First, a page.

Nintendo, ultimately, had to go cheaper than its rivals, as the Switch simply does not have the library (and won't have for quite some time) to offer full modern downloads. In limiting its free games to retro initially, Nintendo also ensures it doesn't need to pay out notable royalties or fees to third-parties; in the early days it can churn through its own retro content at limited cost.

By opening that Pandora's box, though, Nintendo puts itself in a position where it'll need to re-assess and revolutionise its approach to a prospective Virtual Console; that's a theme we've tackled quite a few times in the last couple of years. In moving with the market to offer 'free' content through a subscription, it then puts pressure on anything else it offers as part of a prospective Virtual Console.

The subscription service, in theory, will offer 8- and maybe 16-bit content at a 'free' rate, which is fitting in this post-NES Mini world. Yet even with newer offerings it'll be interesting to see Nintendo's approach, for example if GameCube titles finally arrive. Perhaps the 'eShop Deals' part of the subscription will be a default discount on first-party Virtual Console games, making 'new' VC titles exclusive to the Switch generation a little more tempting in price. Nintendo has kept a premium price on VC games for three generations of hardware, but perhaps the progression of the games industry will draw them into lower prices and incentivised deals through the Online Service and My Nintendo.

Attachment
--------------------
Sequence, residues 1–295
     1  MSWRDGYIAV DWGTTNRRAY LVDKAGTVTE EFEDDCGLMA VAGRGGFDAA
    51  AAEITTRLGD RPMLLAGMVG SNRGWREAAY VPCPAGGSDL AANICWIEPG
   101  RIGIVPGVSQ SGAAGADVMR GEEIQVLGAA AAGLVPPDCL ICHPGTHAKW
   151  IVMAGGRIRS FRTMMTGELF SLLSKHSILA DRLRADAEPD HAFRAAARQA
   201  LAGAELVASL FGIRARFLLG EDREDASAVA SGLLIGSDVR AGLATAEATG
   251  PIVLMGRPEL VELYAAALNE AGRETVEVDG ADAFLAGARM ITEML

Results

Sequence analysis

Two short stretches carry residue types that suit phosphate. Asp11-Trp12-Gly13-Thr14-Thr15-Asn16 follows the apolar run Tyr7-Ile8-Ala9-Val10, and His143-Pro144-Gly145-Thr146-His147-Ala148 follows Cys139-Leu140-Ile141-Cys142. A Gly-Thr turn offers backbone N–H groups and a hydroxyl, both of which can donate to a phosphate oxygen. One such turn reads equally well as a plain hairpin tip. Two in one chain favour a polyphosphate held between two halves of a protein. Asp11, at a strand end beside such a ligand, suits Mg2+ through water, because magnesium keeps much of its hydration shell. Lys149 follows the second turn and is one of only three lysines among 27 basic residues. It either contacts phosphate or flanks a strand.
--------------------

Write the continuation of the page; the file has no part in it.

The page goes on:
The fact that batches of games will be included with subscriptions may also open the door to other 'bundles' or compilations, another idea we've floated in the past to shake up how Nintendo sells us retro games. From the NES Mini, to tempting releases like Capcom's Mega Man Legacy Collection and the impact of heavy sales and deals through the likes of Humble Bundle, it's increasingly common for platform holders and publishers to shift some content at bargain rates to win over fans. Again, some may say that's not a 'Nintendo-like' way of doing things, but we've seen the company start to adjust to these realities in various ways.

What the Switch offers, at the end of it all, is a way for Nintendo to re-address how it seeks money for old rope. Of course there are expenses to cover in converting ROMS, creating manuals and so on, but ultimately the Virtual Console can be a resource. It can be a source of pleasure and goodwill among Switch owners, and even be a (small) selling point of its own. With the gradual decline of output and buzz of Virtual Console games on Wii U and to an extent 3DS, it's time to shake things up.

The Nintendo Switch could deliver the ultimate Virtual Console; here's hoping that reality will take shape in 2018.